Joe Lycett, a UK comedian has put his money where his mouth is, shredding £10,000 of his own cash after David Beckham failed to end his controversial multimillion-pound World Cup promotion deal with Qatar.
Wearing a rainbow-coloured ruffled top, and noise cancelling headphones to protect his ears, Lycett tossed in the cash in two goes, with the resulting shreds spewing out of the end of a wood-chipper.
Remaining expressionless throughout, the 34-year-old star then curtseyed to the camera, and exited left.
The Brummie comedian, who is known for his high-profile stunts, had posted an ultimatum on social media last week, warning the former England star that along with the cash, Beckham's "status as a gay icon will be shredded".
Lycett had directed the message to Beckham personally and had said he would donate the money to LGBTQ+ charities if the sports star ended the sponsorship deal ahead of the tournament.
However, Beckham did not publicly acknowledge or respond to the ultimatum.
While it is illegal in the UK to deface a banknote in any way (through the Currency and Banknotes Act of 1928), it is not illegal to destroy a banknote altogether, for example through burning.
However, if Lycett had burned the equivalent number of dollars in the US, or destroyed £10,000 of coins, he could have faced prosecution for his actions, as burning or destroying money in America is illegal, as is destroying coins minted after 1969 in the UK (according to the Coinage Act of 1971).
Lycett, set up a dedicated website to livestream the shredding, which took place in a dingy, brick-walled building at midday on Sunday, just before the World Cup opening ceremony.
He later shared a video of the act on Twitter and wrote "A platform for progress".
His original video issuing the ultimatum showed him sat at a desk with wads of cash, praising Beckham as a gay icon and joking that marrying a Spice Girl was "the gayest thing a human being can do".
Going on to explain that Qatar was "voted as one of the worst places in the world to be gay", he then appealed to Beckham to rethink his deal with the Middle East country.
It has been reported that Beckham signed a multi-million-pound deal with the FIFA World Cup hosts, which Lycett said was worth £10m - but other reports have put as high as £150m.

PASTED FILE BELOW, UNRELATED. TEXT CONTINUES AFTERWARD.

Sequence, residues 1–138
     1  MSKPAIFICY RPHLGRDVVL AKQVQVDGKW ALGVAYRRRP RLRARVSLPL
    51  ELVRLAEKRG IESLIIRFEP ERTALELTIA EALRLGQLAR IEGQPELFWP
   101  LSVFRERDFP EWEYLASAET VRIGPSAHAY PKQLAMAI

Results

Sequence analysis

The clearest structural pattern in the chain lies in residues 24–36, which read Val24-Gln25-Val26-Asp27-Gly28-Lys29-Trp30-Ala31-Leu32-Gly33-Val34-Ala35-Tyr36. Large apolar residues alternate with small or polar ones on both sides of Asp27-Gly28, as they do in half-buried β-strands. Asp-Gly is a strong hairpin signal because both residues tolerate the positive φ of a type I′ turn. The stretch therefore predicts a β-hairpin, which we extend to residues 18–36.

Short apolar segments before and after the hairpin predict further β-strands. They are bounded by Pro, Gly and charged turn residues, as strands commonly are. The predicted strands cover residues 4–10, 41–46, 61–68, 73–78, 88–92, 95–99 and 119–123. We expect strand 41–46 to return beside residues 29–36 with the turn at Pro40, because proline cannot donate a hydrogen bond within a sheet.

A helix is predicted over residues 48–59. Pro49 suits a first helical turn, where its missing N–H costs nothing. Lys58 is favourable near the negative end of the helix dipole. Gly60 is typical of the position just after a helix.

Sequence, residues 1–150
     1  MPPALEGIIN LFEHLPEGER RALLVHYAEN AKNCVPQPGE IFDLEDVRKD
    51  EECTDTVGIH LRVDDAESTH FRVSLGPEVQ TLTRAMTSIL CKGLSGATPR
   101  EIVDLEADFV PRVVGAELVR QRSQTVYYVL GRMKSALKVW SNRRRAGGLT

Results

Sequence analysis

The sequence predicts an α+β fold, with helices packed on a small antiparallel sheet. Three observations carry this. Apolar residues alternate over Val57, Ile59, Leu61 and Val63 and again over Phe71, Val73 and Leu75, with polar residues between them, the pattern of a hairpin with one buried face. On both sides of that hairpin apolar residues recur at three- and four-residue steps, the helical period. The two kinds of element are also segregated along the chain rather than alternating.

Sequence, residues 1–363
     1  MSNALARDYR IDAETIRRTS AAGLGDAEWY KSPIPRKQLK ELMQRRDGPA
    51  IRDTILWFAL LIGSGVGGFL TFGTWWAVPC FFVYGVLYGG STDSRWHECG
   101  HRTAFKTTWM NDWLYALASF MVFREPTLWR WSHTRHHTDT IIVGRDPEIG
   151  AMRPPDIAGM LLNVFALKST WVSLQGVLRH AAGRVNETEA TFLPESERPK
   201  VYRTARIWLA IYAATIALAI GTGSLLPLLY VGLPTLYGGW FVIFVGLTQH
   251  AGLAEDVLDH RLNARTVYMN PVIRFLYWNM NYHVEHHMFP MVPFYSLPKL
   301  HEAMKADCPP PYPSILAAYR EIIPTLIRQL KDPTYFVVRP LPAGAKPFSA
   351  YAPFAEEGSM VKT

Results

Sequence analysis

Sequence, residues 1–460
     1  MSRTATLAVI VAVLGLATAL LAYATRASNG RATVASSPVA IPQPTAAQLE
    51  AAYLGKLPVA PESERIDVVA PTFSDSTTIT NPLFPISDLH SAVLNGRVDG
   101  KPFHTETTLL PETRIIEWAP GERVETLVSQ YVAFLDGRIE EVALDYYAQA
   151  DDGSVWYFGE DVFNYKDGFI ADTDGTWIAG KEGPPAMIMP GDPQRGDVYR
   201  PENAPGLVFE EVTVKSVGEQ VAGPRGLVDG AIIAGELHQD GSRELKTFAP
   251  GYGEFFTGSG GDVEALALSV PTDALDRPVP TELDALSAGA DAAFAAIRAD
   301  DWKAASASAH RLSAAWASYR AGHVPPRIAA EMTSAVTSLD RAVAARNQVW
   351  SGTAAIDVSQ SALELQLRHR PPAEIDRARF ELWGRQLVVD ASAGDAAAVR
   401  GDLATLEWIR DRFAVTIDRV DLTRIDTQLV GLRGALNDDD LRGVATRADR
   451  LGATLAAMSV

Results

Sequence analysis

Qatar has faced an onslaught of criticism since being chosen as the host nation, with the country's poor human rights record and ban on same-sex relationships proving particularly problematic.
In Qatar, participating in same-sex sexual activity can be punished with up to seven years in prison, or even the death penalty.
Read more: Being gay is 'damage in the mind' - Qatar World Cup ambassador
The safety of migrant workers and the logistics of holding a football tournament in desert heat has also attracted negative attention.
Three days before the shredding, Lycett shared a message he had sent to Beckham's PR team asking: "Could you let me know if there's any chance he might budge on his position, or am I to expect radio silence on this?"
Adding: "There's still time for David and his team to do the right thing". He also shared a picture of the £10k and the red woodchipper he would go on to use to shred it.
There had been a mixed response to the comedian's pledge to destroy the money, with some praising him for raising awareness of Qatar's poor human rights record and criminalisation of LGBTQ+ people, while others urged him to donate the money to a food bank rather than shredding it at a time when the cost of living is soaring.
Ahead of the shredding, fellow comedian Harry Hill wished Lycett luck, saying he would be "voting with my feet" and not watching any of the World Cup, or buying any products endorsed by Beckham.
Beckham had recently impressed the public with his distinctly un-starry approach to viewing the Queen laying in state, queuing for 13 hours to pay his respects. The negative press around his association with Qatar may now be sullying some of the good-will he has built up.
It's not the first-time stars have hit the headlines for burning money.
In 1994, electronic band The KLF burned £1m as a work of performance art. Bill Drummond and Jimmy Cauty torched the cash - which represented the bulk of the money they had previously earned from their music - in the back of a disused boathouse on the Ardfin Estate on the Scottish island of Jura.
And just last month, art's enfant terrible Damien Hirst set fire to millions of pounds of his famous spot paintings after offering buyers the choice to keep NFTs of his work or the real thing.
Sky News has contacted Beckham and Lycett's representatives for comment.